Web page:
Chapter 1: Managerial Accounting and the Business Environment

The Role of the Professional Accountant in Value Creation

  • Plays a key role in decision making and managing employees across various functional areas of an organization.

Management Accounting – Provides info to managers for use in planning and controlling operations and for decision making.

  • Determining and developing internal accounting info as a tool for managers’ business decisions.
  • Reports compare results to plans, provide timely updates, or help in investigations of problems.

1) Describe the Functions performed by managers.


  • Developing goals and specifying how to achieve them.
  • Involves analyzing a budget – a quantitative plan for acquiring/using financial and other resources for a period.
  • Formulate long and short-term plans.

Directing and Motivating

  • Mobilizing people to carry out plans and run routine operations smoothly.
  • Utilize employee work assignments, routine problem solving, conflict resolution, effective communications.
  • Managers must motivate, direct, make decisions, and establish procedures and routines for decision making.
  • Implementing plans


  • Gathering feedback to ensure that the plan is being properly executed or modified as necessary.
  • Summarize feedback in a performance report – detailed reports provided periodically that compare budgeted data to actual data.
  • Measuring performance, compare actual to planned performance.

Decision Making

  • Selecting a course of action from among alternatives.
  • Decide products to sell, whom to serve to, and how to execute.

The Planning and Control Cycle

  • The flow of management activities through planning, directing and motivating, and controlling, and then back to planning again.
  • Revolves around Decision Making.

Strategic Management

  • Strategy – A game plan that enables a company to attract and retain customers by distinguishing itself from competitors.
  • Customer Value Propositions - Focal point should be target customers.
  • Customer Intimacy – understand and respond to customer needs.
  • Operational Excellence – deliver products and services faster, more convenient, and at a lower price.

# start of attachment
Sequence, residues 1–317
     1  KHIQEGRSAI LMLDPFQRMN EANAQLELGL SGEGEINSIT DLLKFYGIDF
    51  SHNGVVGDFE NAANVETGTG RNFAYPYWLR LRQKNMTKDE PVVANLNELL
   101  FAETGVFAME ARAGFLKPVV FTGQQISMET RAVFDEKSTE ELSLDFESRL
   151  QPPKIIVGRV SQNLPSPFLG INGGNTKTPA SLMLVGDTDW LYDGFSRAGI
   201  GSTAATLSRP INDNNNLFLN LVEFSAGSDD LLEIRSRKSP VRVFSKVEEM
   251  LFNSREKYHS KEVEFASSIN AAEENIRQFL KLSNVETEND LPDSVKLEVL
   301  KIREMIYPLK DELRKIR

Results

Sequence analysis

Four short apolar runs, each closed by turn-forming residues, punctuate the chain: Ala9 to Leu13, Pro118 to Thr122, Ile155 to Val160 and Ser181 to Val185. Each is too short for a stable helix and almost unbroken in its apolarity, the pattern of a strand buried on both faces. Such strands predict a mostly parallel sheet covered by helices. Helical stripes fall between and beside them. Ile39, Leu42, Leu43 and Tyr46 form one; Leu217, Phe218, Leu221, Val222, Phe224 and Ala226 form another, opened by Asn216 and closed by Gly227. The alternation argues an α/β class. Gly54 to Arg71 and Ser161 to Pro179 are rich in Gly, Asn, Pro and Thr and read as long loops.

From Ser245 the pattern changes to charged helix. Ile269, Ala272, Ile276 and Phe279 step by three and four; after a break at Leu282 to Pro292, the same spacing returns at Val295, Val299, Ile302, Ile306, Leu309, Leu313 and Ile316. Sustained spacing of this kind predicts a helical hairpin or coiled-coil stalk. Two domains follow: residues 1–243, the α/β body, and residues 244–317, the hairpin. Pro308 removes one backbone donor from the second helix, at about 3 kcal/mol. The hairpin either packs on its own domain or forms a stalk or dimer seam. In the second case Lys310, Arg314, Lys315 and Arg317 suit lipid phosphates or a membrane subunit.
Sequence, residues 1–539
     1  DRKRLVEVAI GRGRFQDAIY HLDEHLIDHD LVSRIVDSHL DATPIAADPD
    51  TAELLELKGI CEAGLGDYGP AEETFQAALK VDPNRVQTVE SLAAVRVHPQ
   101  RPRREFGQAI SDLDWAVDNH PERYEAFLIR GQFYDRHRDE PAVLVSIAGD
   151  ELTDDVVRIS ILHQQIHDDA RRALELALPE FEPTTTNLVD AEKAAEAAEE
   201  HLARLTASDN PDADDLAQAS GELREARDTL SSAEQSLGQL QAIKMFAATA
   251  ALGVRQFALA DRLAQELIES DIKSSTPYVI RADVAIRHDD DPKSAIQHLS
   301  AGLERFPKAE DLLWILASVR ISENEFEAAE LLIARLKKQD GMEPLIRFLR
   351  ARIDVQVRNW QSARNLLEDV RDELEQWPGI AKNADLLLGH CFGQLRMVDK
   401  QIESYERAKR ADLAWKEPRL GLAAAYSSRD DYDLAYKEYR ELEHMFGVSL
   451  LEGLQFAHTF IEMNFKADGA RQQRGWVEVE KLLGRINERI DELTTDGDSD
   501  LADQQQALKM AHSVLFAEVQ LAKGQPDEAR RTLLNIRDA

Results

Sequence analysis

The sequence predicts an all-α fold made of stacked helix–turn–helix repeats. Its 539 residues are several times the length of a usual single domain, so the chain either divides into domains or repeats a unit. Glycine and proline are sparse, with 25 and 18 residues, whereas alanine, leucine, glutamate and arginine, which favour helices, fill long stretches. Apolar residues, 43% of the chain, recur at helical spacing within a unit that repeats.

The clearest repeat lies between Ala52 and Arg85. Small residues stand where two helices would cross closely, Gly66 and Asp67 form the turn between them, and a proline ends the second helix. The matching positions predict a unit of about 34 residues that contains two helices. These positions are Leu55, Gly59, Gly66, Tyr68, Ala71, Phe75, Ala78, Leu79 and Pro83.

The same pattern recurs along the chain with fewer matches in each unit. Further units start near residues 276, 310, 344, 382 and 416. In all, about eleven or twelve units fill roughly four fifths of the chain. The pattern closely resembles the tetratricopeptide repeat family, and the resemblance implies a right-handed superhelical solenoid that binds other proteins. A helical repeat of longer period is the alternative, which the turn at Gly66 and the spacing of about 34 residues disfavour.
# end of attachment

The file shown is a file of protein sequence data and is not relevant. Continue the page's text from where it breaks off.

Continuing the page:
• Product Leadership – offer higher quality products.
  • Managerial Accounting reveals important customer information through special measurement systems of customer satisfaction, complaints, etc.

2) Identify the major differences and similarities between financial and managerial accounting.

Emphasis on the Future

  • MA has a strong future orientation, whereas FA summarizes mainly past financial transactions.

Relevance of Data

  • MA requires information that is relevant, even if it is not completely objective or verifiable.
  • Should be flexible to provide any data relevant to decision making.

Less Emphasis on Precision

  • MA prefers an immediate estimate, so rounding may occur.
  • There is more focus on non-financial data (i.e. customer satisfaction)

Segments of an Organization

  • MA focuses on segments – parts of an organization that can be evaluated independently from other parts and about which the manager seeks data.


  • MA is not bound by GAAP, so managers have flexibility to determine the content and form of internal reports to suit the organization’s needs.
  • However, GAAP has influenced the practice of MA.

Not Mandatory

  • FA is mandatory, but MA is optional – this means that there is greater emphasis on the potential importance of information rather than requirement.

3) Explain the basic concepts of lean production and enterprise risk management.